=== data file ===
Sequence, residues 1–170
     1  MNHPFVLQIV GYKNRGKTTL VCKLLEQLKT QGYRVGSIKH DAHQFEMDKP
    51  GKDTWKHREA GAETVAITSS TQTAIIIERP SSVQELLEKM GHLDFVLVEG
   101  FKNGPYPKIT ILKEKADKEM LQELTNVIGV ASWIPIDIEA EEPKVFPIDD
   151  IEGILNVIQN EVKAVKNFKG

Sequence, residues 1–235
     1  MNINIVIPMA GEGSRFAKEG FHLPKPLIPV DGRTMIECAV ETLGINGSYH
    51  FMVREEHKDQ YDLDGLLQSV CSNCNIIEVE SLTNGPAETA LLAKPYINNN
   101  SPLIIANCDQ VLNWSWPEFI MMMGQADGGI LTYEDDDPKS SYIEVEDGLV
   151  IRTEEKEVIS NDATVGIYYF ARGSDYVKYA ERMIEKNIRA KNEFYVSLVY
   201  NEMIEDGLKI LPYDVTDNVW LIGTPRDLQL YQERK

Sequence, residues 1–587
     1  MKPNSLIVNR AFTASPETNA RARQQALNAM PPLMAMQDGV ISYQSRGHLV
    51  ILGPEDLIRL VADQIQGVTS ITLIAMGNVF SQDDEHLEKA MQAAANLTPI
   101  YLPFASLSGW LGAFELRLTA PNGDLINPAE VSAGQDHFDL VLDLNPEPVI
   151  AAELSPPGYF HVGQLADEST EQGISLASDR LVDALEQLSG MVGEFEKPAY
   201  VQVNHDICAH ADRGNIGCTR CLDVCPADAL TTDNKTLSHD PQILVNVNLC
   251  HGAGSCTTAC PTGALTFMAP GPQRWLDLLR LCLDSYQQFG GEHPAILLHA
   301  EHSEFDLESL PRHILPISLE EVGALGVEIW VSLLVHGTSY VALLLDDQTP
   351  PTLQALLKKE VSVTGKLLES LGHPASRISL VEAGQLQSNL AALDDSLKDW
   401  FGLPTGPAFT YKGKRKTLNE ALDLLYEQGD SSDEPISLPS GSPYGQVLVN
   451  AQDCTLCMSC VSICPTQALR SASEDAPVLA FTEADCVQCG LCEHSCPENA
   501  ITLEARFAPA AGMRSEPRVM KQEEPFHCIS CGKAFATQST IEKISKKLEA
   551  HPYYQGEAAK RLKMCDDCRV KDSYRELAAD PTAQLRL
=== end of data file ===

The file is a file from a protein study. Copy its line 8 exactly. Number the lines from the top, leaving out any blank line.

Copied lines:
    51  FMVREEHKDQ YDLDGLLQSV CSNCNIIEVE SLTNGPAETA LLAKPYINNN